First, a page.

It cost a 10% drop in AAPL in about ten minutes. 10% adds up to about 9 Billion Dollars of their market cap at today's prices and is an awful big hit to take from an untrue rumor spread by a blog.
By allowing news stories to be written and published directly by readers, CNN is expanding on our great democracy and the importance of a free press. But by presenting that un-verified news with the CNN logo, they are also lending a certain amount of validity to things that are just not true. So much validity was added to one false story that Henry Blodget's Alley Insider decided to push out a story prior to adequate fact checking.
The item in question is a citizen journalist's "iReport" that Steve Jobs had a heart attack. The text from that iReport is below:
"Steve Jobs was rushed to the ER just a few hours ago after suffering a major heart attack. I have an insider who tells me that paramedics were called after Steve claimed to be suffering from severe chest pains and shortness of breath. My source has opted to remain anonymous, but he is quite reliable. I haven’t seen anything about this anywhere else yet, and as of right now, I have no further information, so I thought this would be a good place to start. If anyone else has more information, please share it."
As it turns out, Steve Jobs did not have a heart attack. Apple released a statement almost immediately to that fact. All that was actually newsworthy was that this incident proves that CNN does not understand the dangers of web 2.0 and Alley Insider is more on par with gossip sites than professional news sites.
If people had read this on the Yahoo or Google message boards or on a blog like this one, I don't think the story would have traveled much farther. But being attached to the CNN brand, and being passed along by the Alley Insider brand, this was taken very seriously and caused a massive drop in the shares of AAPL causing a lot of people to lose a lot of money.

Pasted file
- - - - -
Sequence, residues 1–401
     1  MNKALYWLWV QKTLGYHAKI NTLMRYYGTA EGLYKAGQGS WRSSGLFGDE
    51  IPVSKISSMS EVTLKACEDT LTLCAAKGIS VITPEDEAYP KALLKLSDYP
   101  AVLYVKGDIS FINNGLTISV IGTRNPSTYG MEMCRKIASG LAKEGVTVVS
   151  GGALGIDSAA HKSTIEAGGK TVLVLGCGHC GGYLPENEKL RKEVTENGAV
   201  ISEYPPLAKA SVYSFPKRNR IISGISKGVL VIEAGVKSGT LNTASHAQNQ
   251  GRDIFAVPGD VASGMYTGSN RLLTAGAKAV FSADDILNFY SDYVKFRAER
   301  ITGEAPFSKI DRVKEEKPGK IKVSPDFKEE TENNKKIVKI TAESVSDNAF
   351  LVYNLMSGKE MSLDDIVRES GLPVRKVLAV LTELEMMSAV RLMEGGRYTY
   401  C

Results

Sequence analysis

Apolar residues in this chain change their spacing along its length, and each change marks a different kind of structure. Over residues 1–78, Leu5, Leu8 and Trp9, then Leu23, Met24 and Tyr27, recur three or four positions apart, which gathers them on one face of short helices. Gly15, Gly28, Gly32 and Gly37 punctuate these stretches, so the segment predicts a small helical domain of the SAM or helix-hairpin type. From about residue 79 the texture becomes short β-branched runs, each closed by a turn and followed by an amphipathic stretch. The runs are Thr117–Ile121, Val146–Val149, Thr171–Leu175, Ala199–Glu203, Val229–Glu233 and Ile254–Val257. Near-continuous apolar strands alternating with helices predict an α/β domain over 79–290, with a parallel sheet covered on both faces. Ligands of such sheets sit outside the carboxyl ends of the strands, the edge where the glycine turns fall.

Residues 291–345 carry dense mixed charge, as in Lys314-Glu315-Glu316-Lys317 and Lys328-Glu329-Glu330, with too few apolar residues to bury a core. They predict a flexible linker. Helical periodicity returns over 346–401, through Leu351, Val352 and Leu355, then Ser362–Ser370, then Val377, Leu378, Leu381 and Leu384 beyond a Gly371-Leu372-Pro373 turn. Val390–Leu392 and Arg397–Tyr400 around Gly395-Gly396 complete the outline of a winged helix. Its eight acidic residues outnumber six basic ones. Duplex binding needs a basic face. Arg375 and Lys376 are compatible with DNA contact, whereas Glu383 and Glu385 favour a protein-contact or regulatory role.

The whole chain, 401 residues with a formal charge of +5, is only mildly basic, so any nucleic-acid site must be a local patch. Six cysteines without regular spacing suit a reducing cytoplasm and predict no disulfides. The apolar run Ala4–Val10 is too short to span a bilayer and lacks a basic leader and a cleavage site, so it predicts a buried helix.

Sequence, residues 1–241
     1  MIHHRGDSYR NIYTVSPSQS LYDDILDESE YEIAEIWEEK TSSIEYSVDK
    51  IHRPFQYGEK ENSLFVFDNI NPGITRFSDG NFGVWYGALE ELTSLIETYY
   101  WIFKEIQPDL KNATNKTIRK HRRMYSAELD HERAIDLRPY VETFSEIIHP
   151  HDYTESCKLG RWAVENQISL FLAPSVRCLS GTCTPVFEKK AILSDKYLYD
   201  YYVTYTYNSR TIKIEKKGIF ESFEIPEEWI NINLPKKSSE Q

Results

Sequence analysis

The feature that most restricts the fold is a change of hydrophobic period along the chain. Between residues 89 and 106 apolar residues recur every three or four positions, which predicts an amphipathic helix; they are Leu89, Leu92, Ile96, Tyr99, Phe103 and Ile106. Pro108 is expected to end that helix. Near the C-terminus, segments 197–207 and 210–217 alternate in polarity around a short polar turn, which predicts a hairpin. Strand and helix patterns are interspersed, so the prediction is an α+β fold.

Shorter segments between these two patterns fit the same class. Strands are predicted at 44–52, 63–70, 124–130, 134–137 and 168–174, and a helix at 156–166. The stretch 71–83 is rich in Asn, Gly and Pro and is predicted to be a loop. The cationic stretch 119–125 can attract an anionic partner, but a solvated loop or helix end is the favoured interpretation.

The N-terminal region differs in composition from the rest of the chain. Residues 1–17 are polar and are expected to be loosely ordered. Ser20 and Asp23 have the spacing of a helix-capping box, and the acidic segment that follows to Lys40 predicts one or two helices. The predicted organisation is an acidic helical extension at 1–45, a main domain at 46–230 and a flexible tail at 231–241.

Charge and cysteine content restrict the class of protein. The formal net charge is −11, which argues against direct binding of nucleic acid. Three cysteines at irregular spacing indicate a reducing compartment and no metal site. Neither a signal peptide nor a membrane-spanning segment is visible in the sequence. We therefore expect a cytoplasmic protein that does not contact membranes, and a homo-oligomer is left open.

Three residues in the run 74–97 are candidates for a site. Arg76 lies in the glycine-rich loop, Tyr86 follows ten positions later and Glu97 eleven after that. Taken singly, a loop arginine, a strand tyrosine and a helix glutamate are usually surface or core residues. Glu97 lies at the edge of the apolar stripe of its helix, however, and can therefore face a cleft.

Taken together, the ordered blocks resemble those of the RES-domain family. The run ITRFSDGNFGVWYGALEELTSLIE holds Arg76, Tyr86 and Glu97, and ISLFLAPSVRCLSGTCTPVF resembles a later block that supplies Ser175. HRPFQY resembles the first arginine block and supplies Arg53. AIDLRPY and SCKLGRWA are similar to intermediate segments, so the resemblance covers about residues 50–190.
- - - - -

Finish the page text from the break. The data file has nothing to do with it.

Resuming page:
Currently, Bloomberg reports there is an SEC investigation underway but I don't think it will produce much since level of credentials that an "iReporter" has to provide to make a report are small and easily faked. All that is needed are a username, email, a password and an successful response to a captcha. All of which can be accomplished in a completely anonymous manner. In fact, this guy's account was only open for this one post.
My hope is that the investigation might uncover other suspicious activity or potential manipulation in the stock. The rumors about Steve Jobs health have been pushed suspiciously hard for the last few months and I think that there is a good possibility that whoever pushed this rumor might have something to do with older rumors as well.
One place the SEC might start looking are social bookmarking sites like Digg.com or the 4chan message board as indicated by Arnold Kim who suggests that he found the story being promoted by users. Whoever the first users were to post the link may have some connection.
Another place that the SEC should start looking is at www.alleyinsider.com. This is a somewhat respectable source and they look to be the first to grab onto this iReport and present it as real news - giving the story even more credence. I only wish they had fact-checked prior to publishing.